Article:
W3C

W3C Invites Developers to Implement WCAG 2.0

WAI's Web Content Accessibility Guidelines 2.0 Advances to Candidate Recommendation

Contact Americas, Australia --
Ian Jacobs, <ij@w3.org>, +1.718.260.9447 or +1.617.253.2613
Contact Europe, Africa and the Middle East --
Marie-Claire Forgue, <mcf@w3.org>, +33 4 92 38 75 94 or +33 6 76 86 33 41
Contact Asia --
Yasuyuki Hirakawa <chibao@w3.org>, +81.466.49.1170

(also available in French and Japanese; see also translations in other languages)



http://www.w3.org/ -- 30 April 2008 -- Today, W3C announces that the Web Content Accessibility Guidelines (WCAG) 2.0 is ready for developers and designers to test in Web content and Web applications. Publication of WCAG 2.0 as a Candidate Recommendation, a major step in the W3C standards process, signals broad consensus in the WCAG Working Group and among public reviewers on the technical content of the document.

"The community is eager for WCAG 2.0 to become a final W3C Recommendation, and this takes us one step closer," said Loretta Guarino Reid, Co-Chair of the WCAG Working Group. "Advancing WCAG 2.0 to Candidate Recommendation provides a stable document that developers can use for trial implementations in their Web sites."

WCAG 2.0 Meets Today's Needs

WCAG addresses accessibility of Web content for people with disabilities and many elderly users, and is one of three Web accessibility guidelines produced by W3C's Web Accessibility Initiative (WAI). WCAG 2.0 provides a stable foundation for accessibility of Web content and Web applications, and supporting documents enable it to be used flexibly across the broad range of Web technologies and environments in today's Web. WCAG 2.0 is designed to be easier to use than WCAG 1.0, and is more precisely testable, using a combination of automated testing and human evaluation.

WCAG 2.0 Incorporates Extensive Community Feedback

"WCAG 2.0 has been developed with extensive community input," said Gregg Vanderheiden, Co-Chair of the WCAG Working Group, and Director of the Trace R&D Center at the University of Wisconsin-Madison. "We've worked very hard, including publishing twelve Working Drafts and addressing more than 3000 comments, in order to ensure that WCAG 2.0 meets the need for an updated international standard with which national and local Web accessibility guidelines can harmonize."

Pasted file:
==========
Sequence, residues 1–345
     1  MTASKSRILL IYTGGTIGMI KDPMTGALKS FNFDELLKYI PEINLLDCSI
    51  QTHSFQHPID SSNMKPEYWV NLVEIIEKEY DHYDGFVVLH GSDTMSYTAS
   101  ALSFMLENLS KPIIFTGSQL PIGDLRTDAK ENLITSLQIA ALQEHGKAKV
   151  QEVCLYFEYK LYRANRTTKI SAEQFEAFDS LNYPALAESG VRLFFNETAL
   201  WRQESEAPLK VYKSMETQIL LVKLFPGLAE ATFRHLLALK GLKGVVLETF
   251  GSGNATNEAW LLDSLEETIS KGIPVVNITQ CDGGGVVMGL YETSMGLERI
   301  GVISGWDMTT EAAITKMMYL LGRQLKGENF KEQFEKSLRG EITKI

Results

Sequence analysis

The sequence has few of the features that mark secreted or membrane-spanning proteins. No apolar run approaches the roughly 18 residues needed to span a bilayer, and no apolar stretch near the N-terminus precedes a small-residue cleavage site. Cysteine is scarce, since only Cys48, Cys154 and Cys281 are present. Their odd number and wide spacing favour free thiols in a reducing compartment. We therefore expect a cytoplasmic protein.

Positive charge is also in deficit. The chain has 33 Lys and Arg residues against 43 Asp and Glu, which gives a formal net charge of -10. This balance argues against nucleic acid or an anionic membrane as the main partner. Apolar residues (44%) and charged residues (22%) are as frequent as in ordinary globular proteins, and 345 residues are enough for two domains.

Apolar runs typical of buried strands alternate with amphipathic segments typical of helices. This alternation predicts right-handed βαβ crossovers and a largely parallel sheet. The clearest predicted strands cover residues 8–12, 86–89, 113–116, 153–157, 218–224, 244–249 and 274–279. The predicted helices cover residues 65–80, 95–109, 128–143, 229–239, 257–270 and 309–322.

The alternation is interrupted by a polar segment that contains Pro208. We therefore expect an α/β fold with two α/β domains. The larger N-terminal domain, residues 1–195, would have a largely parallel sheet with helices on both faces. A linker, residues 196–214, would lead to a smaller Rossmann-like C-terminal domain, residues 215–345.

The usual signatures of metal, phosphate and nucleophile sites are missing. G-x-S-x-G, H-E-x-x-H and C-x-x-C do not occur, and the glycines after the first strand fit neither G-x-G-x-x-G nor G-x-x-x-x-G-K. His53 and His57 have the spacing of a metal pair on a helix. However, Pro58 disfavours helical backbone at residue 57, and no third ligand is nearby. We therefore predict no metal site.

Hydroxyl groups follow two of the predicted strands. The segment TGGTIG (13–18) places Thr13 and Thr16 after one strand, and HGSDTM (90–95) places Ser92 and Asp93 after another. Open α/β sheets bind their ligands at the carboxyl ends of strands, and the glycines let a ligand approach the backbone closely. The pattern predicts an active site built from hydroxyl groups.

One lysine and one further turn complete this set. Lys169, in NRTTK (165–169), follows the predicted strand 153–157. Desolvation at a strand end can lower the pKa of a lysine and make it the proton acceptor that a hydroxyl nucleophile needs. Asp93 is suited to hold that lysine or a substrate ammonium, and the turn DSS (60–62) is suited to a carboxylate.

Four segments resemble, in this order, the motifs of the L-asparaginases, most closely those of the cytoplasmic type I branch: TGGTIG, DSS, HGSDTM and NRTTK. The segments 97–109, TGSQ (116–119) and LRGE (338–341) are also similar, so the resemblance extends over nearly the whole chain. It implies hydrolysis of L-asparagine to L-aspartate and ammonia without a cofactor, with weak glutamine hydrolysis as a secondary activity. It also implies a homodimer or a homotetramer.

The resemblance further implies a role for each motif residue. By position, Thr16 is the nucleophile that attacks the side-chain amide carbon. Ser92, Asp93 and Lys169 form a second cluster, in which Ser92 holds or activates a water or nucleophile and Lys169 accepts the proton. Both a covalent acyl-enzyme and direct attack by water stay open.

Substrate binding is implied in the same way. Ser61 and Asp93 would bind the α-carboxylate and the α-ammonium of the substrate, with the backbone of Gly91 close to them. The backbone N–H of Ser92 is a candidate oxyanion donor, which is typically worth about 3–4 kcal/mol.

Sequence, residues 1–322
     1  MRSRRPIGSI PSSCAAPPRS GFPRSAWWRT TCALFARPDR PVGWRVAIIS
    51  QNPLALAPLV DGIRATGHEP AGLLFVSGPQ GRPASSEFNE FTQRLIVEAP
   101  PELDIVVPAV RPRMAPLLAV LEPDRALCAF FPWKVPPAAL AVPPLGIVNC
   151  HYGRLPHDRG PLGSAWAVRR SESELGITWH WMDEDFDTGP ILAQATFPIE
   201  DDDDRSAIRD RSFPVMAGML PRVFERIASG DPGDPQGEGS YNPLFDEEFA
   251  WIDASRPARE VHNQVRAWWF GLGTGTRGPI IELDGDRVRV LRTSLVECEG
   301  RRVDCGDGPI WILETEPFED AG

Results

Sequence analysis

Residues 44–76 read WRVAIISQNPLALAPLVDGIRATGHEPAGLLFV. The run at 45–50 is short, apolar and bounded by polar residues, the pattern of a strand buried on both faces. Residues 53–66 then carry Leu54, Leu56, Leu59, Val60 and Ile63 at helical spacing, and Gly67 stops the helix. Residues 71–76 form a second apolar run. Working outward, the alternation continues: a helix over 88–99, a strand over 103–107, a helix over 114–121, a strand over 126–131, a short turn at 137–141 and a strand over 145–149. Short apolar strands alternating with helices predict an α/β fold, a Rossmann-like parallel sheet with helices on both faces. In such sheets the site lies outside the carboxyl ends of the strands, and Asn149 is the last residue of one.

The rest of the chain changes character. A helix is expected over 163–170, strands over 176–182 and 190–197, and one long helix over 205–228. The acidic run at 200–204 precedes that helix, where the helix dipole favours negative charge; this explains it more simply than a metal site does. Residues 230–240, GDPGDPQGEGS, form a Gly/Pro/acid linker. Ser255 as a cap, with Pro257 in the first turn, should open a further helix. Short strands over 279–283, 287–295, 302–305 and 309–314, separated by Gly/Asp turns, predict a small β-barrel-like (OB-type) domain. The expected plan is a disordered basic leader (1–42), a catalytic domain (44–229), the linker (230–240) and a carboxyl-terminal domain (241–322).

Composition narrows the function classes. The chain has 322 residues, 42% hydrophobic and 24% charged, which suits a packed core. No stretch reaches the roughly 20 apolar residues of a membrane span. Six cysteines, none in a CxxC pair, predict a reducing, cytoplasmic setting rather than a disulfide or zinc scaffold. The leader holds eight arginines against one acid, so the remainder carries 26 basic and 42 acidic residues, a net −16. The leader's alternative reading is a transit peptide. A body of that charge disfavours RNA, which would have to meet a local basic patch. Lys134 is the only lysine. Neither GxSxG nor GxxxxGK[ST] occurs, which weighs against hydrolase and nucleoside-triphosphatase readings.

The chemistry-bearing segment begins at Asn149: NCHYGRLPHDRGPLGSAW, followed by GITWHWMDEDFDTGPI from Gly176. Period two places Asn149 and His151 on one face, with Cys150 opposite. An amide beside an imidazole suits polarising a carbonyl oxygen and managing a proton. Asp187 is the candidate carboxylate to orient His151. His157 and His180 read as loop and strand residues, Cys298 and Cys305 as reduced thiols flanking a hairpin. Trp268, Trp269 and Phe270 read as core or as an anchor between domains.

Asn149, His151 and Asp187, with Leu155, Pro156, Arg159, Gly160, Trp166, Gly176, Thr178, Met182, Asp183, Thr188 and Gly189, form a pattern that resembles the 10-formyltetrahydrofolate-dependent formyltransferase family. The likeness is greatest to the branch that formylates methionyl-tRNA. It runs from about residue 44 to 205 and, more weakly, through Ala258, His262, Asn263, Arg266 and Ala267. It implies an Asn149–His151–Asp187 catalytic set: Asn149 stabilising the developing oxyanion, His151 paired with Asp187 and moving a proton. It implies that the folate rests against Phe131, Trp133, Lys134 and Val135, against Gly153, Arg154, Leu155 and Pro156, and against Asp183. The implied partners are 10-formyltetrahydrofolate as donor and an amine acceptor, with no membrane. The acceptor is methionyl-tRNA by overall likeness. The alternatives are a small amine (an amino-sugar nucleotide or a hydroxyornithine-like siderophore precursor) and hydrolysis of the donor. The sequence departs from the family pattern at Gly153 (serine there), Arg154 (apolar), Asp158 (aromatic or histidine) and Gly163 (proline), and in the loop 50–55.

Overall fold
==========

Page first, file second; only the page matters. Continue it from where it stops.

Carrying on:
WCAG Working Group Seeks Diverse Implementations of WCAG 2.0

The Working Group seeks feedback from implemention experience of WCAG 2.0 in diverse types of Web sites and Web applications by 30 June 2008. A comprehensive suite of supporting documents is available to help implementors, and includes How to Meet WCAG 2.0, which allows developers and designers to build a customized view of WCAG 2.0 requirements; Understanding WCAG 2.0; Techniques for WCAG 2.0; an Overview of WCAG 2.0 Documents; a WCAG 2.0 FAQ; and Comparison between WCAG 1.0 and WCAG 2.0 to support transitions to WCAG 2.0.

About the World Wide Web Consortium [W3C]

The World Wide Web Consortium (W3C) is an international consortium where Member organizations, a full-time staff, and the public work together to develop Web standards. W3C primarily pursues its mission through the creation of Web standards and guidelines designed to ensure long-term growth for the Web. Over 400 organizations are Members of the Consortium. W3C is jointly run by the MIT Computer Science and Artificial Intelligence Laboratory (MIT CSAIL) in the USA, the European Research Consortium for Informatics and Mathematics (ERCIM) headquartered in France and Keio University in Japan, and has additional Offices worldwide. For more information see http://www.w3.org/

About the Web Accessibility Initiative [WAI]

W3C's Web Accessibility Initiative (WAI) works with organizations around the world, pursuing Web accessibility by ensuring that core technologies of the Web support accessibility; developing guidelines for Web content, user agents, and authoring tools; facilitating development of evaluation and repair tools for accessibility; conducting education and outreach; and coordinating with research and development that can affect future accessibility of the Web. WAI is supported in part by the U.S. Department of Education; European Commission's Information Society Technologies Programme; IBM; Microsoft Corporation; SAP; and Wells Fargo.